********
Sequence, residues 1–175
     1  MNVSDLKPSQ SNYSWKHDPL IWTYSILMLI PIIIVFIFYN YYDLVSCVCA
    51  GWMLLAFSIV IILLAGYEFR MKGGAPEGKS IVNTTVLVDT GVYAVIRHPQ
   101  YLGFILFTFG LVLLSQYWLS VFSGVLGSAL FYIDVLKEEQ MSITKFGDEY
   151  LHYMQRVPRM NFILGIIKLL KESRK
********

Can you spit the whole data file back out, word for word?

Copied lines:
Sequence, residues 1–175
     1  MNVSDLKPSQ SNYSWKHDPL IWTYSILMLI PIIIVFIFYN YYDLVSCVCA
    51  GWMLLAFSIV IILLAGYEFR MKGGAPEGKS IVNTTVLVDT GVYAVIRHPQ
   101  YLGFILFTFG LVLLSQYWLS VFSGVLGSAL FYIDVLKEEQ MSITKFGDEY
   151  LHYMQRVPRM NFILGIIKLL KESRK